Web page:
Spring Simplicity

The last of the crops in the vegetable garden are dwindling in numbers as we pick and eat them. But more than that, the longer warmer days of Spring are bringing plants productive lives to an end as they start to form flowers heads and go to seed. For me this is a true signal that the season is officially changing, time for me to leave a few plants to go to flower for the bees and buzzies to enjoy, the rest needs to be picked and cleared to make way for summer plantings.

Brassica are a staple of the winter and spring garden – but this is entirely dependant on my success or otherwise as a grower. The winter cabbages and cauliflowers were rather sad and sorry this year, but the Kales and Purple Sprouting Broccoli have been fabulous. Time to focus on the positives and work out what went wrong with the negatives later.

Purple Sprouting Broccoli is a member of the Broccoli family – what we normally see in the shops is the standard green heads of broccoli, or rather Calabrese. The Sprouting kind looks and tastes distinct. It literally produces fine individual stalks or sprouts with tiny heads on, is hardy and perfect for overwintering for harvesting in Spring, as the RHS say – ” filling the gap between sprouts and spring cabbage.”

As the seasons change and the last pickings of Purple Sprouting Broccoli get nearer, my thoughts turn to sowing next years crop – I’ll start the seeds off, outside in modules or pots for transplanting later (slugs like PSB too!) and then I will plant them into some rich soil that has some extra manure dug in to it. Last year I trialled growing them under the climbing beans, a great use of space seeing as these plants are in the ground for 9 months, and as it turns out a perfect way to stop the pigeons pecking away at my precious Spring food. And if you want a picture of what pigeons or chickens can achieve when they get the munchies check out the photo on Willow Cottage Garden, it could reduce me to tears!

Spring Simplicity Pasta

So as the season’s change I’ll give you my favourite way to eat this Spring delicacy – simply mixed in with Linguine Ali Olio. A perfect workday-weekday supper – tasty, filling but light and nutritious.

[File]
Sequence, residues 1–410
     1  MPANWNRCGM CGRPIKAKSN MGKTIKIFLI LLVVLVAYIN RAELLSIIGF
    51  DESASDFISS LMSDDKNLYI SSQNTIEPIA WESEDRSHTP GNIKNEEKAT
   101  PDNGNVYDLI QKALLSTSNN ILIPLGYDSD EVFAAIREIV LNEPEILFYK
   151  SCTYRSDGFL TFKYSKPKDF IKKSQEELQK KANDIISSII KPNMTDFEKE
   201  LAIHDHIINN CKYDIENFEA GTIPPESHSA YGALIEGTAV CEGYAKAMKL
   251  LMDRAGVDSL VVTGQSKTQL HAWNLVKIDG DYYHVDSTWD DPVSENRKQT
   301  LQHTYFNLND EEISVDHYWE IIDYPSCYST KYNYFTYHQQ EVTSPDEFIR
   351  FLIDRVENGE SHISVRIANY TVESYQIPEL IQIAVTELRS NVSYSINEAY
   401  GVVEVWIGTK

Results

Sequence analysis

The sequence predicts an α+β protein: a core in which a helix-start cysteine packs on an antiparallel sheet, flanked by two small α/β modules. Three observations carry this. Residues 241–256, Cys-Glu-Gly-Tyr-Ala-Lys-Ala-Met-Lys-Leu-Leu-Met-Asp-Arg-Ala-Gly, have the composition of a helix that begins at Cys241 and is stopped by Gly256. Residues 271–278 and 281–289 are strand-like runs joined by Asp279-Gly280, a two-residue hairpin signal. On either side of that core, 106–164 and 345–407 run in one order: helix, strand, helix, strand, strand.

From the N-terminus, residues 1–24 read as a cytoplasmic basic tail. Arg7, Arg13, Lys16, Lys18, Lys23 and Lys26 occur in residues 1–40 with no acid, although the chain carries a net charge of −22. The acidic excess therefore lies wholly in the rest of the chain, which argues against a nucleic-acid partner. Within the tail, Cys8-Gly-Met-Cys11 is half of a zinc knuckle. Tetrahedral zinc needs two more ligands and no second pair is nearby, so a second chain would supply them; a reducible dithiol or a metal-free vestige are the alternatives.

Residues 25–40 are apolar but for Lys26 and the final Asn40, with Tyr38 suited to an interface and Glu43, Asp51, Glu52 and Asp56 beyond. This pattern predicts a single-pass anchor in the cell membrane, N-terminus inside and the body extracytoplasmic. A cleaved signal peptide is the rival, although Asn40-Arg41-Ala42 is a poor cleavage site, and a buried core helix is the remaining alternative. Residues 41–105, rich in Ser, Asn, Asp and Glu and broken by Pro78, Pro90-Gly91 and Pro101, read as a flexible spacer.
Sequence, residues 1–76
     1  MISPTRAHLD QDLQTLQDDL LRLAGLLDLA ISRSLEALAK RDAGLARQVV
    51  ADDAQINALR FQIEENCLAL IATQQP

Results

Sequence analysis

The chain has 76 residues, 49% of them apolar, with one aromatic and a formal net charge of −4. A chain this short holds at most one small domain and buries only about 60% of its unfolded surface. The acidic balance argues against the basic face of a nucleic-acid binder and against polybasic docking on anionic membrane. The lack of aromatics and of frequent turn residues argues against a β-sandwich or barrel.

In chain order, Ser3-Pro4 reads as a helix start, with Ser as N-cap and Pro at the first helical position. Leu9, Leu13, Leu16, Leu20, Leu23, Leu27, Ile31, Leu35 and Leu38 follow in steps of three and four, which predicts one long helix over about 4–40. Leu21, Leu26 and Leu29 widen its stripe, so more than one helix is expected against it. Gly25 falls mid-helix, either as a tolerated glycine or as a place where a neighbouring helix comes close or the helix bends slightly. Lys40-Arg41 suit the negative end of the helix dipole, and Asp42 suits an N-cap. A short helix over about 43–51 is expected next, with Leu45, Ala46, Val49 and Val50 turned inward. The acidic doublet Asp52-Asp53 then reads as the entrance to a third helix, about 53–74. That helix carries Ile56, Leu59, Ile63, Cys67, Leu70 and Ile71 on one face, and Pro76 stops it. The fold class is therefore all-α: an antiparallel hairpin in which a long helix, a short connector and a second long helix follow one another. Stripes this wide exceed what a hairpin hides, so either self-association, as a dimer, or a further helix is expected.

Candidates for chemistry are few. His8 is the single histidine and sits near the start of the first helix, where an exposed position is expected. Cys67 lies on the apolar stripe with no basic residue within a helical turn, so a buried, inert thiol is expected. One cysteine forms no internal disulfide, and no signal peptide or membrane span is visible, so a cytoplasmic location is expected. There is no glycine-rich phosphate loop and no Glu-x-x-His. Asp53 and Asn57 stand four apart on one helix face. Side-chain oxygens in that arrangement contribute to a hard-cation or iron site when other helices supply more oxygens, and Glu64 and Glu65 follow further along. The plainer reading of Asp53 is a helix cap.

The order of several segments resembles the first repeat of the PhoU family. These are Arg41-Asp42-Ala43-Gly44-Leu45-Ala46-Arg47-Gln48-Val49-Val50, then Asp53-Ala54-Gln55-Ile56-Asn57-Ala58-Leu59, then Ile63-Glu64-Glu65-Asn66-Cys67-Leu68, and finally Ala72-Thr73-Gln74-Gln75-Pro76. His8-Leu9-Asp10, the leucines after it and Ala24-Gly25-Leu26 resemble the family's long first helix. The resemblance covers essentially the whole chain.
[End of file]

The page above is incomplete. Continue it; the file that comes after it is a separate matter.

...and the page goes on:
Put your pasta on to cook, chop a garlic clove or two and gently saute the garlic (don’t brown it) alongside a dried red chilli in some olive oil. When the pasta is nearly ready add the Purple Sprouting Broccoli to the garlic chilli and stir it in. Put a lid on and cook for 3 – 4 minutes max, we don’t want soggy vegges now do we! Drain the pasta and add it to the veggies, mixing it in well. Drizzle a little olive oil on top, season with sea salt and black pepper and serve in bowls with some grated Pecorino or Parmesan.

See I said it was Simple.


  • The pasta looks delicious! Mind you, I’m not sure I will ever get around to being structured enough to have vegetable crops throughout the year, so perhaps I’ll just replicate the recipe with another vegetable (from the shops).

    • Hi there and thanks – it’s a bit of a staple meal for us and the likes of spinach and chard would work well. It’ taken a bit of time to get round to being organised for winter growing, and there is still room for improvement on my part !

  • Lovely post. I am very envious of your beautiful PSP plants. We love the idea about planting with the beans and we are going to give it a try this year. Thanks for the tip!

  • One of my favorite quick pasta methods…the veggies change depending on what’s coming in, and sometimes there’s a bit of bacon or pancetta so Hubby doesn’t whine about the lack of meat 😉

    One of these years, I’ll have to give that sprouting broccoli a try…too much chaos this year.

    • Hi Marie, we sometimes make this pasta with prawns – yes I know it’s fishy and not meaty 😉
      I’d really recommend the broccoli – it’s stronger tasting than normal, and becasue it sprouts there is plenty to eat from a couple of plants

    • Thanks Frugal, I managed to take the wrong camera lens with me, but ended up with a couple of decent shots 🙂 What I need to sort out is some lighting for home…..

  • I keep reading about PSB. It sounds great but I have never seen it at the garden centers or even in the markets. I’ll have to do some research.

    • Hi Karen, it’s interesting to hear that you don’t see PSB, I never see it in France either so I wonder if it’s a particular favourite veggie in the UK? It’s very seasonal, doesn’t have a long shelf life and picking is done by hand (not machines) so maybe it’s not popular for farmers to grow?